We got racked up and we were allowed to put our dinghy in the new shed they were building so we could work on it and keep it dry. We worked hard that afternoon to strip the rudder of antifoul ready for the glass. We needed to drain it of water too so we did that. Being a Wednesday, we had to work fast to be launched by Friday afternoon or we would be stuck on the hard all weekend. We thought we had no hope of making it but we would try. Also on the hard stand were several other Aussie’s. One couple had a new X-Yacht 44 that was having some warranty work completed and the other was a Bavaria 46 that was getting the antifoul and rigging replaced. It was so nice to talk to some Aussie’s again. We felt right at home in this marina. Cam off the Bavaria allowed me to use his electric sander so the following morning I stripped back the rudder and we were able to glass it up the same morning. Over lunch we went shopping again and in the afternoon we put the second layer of glass on the rudder. All going well I’d be able to sand it in the morning, antifoul it straight away and launch that afternoon.
Don’t you love it when a plan comes together. That is exactly what happened and better still we were able to fill our gas bottles so we headed straight off to St Georges where we thought we could provision the boat and spend the weekend diving before we headed up north towards Tobago Cays. The following morning we walked through town and got supplies and headed up to Molinere Marine Park where they had set up a dive site with lots of statues. It was made after a big storm in 1999 destroyed the reef and was set up as a tourism focus. It was shallow enough to snorkel and people off cruise ships and other tourists would come in the hundreds. We picked up a mooring just south of the site and relaxed for the evening. The water visibility was still pretty poor due to the massive amount of rain they had but we would give it a go the next morning.
In the morning we had our first dive on the site. It was different for sure. Strange seeing statues everywhere. It was kind of like a treasure hunt. You would swim along through the crevasses and all of a sudden a new statue would pop up. Annika loved it with her camera and being a shallow dive we spent 70 minutes under. We went back to our yacht to refill tanks and have lunch. The local marine park people paid us a visit, charged us for the mooring and told us we can’t dive in the park by ourselves, we needed a local guide. I had heard this about other places like Tobago Cays but not here. We convinced them it was for a good cause and they allowed us to dive. In the afternoon we dived at Flamingo Bay which had amazing corals along a wall. It would have been nice to do a drift dive as you would see more but being on our own we had to return to our dinghy. We then did another dive on the statues as we hadn’t found the Christ statue which is one of the highlights. We found it second time around.
There are some major dive spots on Grenada including a 600ft cruise ship called Bianca C. However the visibility was hopeless and we were told it wouldn’t be worth it. Will have to wait for another day. Better places were calling.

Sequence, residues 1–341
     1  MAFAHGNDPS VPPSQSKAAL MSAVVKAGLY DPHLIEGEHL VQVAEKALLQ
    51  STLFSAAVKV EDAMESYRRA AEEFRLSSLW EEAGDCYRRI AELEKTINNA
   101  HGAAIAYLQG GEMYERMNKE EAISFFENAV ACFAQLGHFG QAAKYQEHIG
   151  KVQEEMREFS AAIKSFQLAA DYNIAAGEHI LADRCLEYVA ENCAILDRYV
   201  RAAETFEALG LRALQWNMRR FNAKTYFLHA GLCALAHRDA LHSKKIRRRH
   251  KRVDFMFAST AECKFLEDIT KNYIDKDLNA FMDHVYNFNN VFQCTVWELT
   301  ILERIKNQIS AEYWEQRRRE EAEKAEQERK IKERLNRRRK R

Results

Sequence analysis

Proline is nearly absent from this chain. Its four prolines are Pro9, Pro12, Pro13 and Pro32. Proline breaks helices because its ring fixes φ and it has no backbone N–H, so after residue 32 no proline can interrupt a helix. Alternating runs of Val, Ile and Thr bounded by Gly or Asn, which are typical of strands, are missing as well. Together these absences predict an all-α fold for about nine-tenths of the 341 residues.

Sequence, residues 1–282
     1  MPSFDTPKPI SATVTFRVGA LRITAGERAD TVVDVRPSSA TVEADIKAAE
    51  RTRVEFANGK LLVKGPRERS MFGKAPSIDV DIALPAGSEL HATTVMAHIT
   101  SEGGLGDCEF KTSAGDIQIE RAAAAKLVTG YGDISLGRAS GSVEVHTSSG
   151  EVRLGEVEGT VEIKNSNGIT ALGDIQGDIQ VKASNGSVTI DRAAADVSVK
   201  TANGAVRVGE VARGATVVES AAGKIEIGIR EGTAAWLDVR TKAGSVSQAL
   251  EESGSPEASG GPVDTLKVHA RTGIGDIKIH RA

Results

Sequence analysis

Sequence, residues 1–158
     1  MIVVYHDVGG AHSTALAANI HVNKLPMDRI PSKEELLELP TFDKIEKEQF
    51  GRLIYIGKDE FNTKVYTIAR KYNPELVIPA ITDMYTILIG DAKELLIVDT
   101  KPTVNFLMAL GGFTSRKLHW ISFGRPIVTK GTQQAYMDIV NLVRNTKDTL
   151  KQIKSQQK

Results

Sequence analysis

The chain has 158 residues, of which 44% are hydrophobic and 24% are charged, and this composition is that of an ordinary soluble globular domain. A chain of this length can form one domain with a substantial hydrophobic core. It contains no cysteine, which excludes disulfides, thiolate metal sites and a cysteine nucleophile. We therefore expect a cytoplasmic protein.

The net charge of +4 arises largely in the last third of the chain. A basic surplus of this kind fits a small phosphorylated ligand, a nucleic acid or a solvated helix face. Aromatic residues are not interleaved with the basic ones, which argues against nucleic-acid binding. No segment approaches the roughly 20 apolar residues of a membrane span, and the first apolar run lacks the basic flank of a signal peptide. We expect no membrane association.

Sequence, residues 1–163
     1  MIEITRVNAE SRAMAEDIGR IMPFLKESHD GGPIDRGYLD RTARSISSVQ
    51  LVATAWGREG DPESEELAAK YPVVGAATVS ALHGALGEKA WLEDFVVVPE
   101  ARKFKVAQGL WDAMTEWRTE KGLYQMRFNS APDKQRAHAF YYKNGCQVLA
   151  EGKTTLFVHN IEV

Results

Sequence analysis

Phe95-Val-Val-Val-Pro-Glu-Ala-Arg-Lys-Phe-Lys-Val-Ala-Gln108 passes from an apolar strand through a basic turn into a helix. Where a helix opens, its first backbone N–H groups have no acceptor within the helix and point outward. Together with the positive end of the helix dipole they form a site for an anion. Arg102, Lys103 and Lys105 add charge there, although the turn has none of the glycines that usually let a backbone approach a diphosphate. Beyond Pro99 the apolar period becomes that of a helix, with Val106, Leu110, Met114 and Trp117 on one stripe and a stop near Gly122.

That evening we were researching diving in Tobago Cays and sending emails to the marine parks people up there to see if we could get an exemption to dive by ourselves. We thought the next day we would head up to Carriacou which is the most northern island of Grenada. We would do a bit of diving there and then check out and head to Union Island, check in there and then we would have the Tobago Cays for 2 weeks to play with. The sail up to Carriacou was upwind which was quite unpleasant to say the least. It took us all day to cover the 28nm distance, tacking all the way. Tyrrell Bay was quite busy once again and the facilities were quite small. We would spend two nights there and our whole mission for the Caribbean would change. We had no response to our emails to allow us to dive. We spoke to a local dive shop and they told us we had no hope as the dive shop owners brother was the man in charge of the marine park. So we couldn’t dive without a guide. This is meant to make more money for the local economy. I think it does the opposite and we are testament to that. We decided to head to Panama and skip Tobago Cays all together. We would spend more time in the Pacific where we could dive for free and focus on our campaign.
So at 1500 the following day, having checked out in the morning, we lifted anchor and hoisted the sails for our 1,150nm journey direct to Panama. Would I make it this time? The last attempt I didn’t when a small fire took out our batteries and we ended up in Cartegena Columbia, rescued by the local authorities. This time I was desperate to get there and transit the canal, a dream of ours for a long time. Would we make it?
In our next edition we sail to Panama. Did we make it? You’ll have to wait!!!
Ocean Crusaders are out to change the way people treat our oceans. Our online education program is free to download at www.OceanCrusaders.org/education where children can learn of the issues our oceans are facing and how they can make a difference. The Plastic in the Pacific Crusade is about educating the South Pacific Islands, finding out what is happening in these islands and updating our programs. You can join us in the Pacific and see for yourself what we do.